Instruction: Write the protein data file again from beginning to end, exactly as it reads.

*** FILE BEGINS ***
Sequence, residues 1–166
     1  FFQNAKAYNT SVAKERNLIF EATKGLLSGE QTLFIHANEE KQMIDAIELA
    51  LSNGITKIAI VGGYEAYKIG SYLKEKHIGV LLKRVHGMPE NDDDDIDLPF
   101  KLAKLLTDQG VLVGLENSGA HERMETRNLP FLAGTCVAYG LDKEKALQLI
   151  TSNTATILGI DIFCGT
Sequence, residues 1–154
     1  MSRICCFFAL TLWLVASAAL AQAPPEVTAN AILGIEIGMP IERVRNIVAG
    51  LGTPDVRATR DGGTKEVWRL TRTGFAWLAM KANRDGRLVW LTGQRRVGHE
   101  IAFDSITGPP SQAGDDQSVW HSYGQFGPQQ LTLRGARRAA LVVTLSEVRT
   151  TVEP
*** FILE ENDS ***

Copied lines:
Sequence, residues 1–166
     1  FFQNAKAYNT SVAKERNLIF EATKGLLSGE QTLFIHANEE KQMIDAIELA
    51  LSNGITKIAI VGGYEAYKIG SYLKEKHIGV LLKRVHGMPE NDDDDIDLPF
   101  KLAKLLTDQG VLVGLENSGA HERMETRNLP FLAGTCVAYG LDKEKALQLI
   151  TSNTATILGI DIFCGT
Sequence, residues 1–154
     1  MSRICCFFAL TLWLVASAAL AQAPPEVTAN AILGIEIGMP IERVRNIVAG
    51  LGTPDVRATR DGGTKEVWRL TRTGFAWLAM KANRDGRLVW LTGQRRVGHE
   101  IAFDSITGPP SQAGDDQSVW HSYGQFGPQQ LTLRGARRAA LVVTLSEVRT
   151  TVEP